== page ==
• Use “I” statements – make it about your experience and observation of the behavior and do not insert your own subjective opinion. i.e. “I’ve noticed that the past 2 drafts got to me a few days after the internal deadline, which can make it difficult for me to turn around edits in time for the client to review.” rather than “it seems like you’re not planning ahead enough to meet our internal deadlines.”
  • Be clear about how the work or behavior you have observed has impacted you and your team — don’t try to extrapolate out to other situations.
  • Avoid blaming someone else. While it’s tempting to frame feedback as something we “have to do to make [some other internal or external party] happy,” that can actually be a pretty demotivating way to communicate the need for extra effort or attention in a particular area. Instead, take ownership of your request, and be open to feedback that maybe there’s another way to achieve the same goal.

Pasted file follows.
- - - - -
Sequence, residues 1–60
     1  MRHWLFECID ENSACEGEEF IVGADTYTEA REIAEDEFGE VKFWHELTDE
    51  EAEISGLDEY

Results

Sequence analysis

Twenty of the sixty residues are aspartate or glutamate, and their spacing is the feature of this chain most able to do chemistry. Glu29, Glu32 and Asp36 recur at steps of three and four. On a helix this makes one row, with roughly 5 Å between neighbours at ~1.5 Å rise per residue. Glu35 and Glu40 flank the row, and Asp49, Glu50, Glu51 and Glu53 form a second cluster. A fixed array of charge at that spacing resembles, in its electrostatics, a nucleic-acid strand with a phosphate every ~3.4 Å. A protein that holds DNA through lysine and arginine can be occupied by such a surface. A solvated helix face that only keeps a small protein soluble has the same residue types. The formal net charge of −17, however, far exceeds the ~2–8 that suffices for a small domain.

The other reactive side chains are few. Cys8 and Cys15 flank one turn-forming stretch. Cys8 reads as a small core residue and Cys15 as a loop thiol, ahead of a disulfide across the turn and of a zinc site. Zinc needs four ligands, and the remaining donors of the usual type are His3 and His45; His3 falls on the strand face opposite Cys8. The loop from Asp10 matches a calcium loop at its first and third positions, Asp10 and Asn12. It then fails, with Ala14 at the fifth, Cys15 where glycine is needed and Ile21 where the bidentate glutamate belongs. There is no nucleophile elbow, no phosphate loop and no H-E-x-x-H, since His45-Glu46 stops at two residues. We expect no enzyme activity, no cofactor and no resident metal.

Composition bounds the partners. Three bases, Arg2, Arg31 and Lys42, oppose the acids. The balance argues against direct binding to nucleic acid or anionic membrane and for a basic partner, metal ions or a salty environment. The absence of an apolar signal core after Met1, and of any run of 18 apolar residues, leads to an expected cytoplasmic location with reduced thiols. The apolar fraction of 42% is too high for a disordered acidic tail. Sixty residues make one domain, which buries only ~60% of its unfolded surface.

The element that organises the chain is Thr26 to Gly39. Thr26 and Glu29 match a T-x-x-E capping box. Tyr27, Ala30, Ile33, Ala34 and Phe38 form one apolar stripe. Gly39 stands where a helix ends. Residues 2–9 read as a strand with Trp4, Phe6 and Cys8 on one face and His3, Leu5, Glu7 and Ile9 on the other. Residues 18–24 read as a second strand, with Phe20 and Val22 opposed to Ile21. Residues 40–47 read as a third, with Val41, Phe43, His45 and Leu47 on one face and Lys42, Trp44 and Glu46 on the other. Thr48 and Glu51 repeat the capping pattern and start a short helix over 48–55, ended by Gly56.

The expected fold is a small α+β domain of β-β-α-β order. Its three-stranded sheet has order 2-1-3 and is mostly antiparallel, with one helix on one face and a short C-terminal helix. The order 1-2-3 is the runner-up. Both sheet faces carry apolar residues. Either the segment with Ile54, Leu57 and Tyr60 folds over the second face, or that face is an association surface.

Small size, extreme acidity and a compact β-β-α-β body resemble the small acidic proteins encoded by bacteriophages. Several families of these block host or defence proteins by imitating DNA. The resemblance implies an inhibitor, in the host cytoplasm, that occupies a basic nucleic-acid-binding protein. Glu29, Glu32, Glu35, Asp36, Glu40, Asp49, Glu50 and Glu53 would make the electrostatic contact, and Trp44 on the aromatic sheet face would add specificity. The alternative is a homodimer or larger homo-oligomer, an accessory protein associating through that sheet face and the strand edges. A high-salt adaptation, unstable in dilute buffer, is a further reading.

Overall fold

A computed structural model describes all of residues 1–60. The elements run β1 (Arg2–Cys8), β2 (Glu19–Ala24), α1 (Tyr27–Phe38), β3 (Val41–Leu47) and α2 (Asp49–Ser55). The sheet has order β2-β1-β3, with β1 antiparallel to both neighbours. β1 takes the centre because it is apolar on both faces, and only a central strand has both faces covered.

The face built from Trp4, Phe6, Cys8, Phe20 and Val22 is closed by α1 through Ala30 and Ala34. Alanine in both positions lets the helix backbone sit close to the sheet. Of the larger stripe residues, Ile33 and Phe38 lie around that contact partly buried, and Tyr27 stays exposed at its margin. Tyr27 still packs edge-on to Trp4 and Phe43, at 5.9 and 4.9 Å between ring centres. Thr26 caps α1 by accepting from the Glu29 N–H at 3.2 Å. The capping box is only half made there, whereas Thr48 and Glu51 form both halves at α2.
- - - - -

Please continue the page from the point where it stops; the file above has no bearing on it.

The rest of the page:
• Check-ins are critical for providing regular feedback. If you incorporate reciprocal feedback into your regular meetings, it will feel more natural and support stronger collaboration over time. It also makes remembering to share positive feedback a lot easier!
  • Feedback is time-sensitive. Nobody likes to hear that they’ve been doing something right or wrong for six months before anyone mentioned something! If you see something worthy of either positive or negative feedback, bring it up at the first opportunity.
  • Balance positive feedback with constructive feedback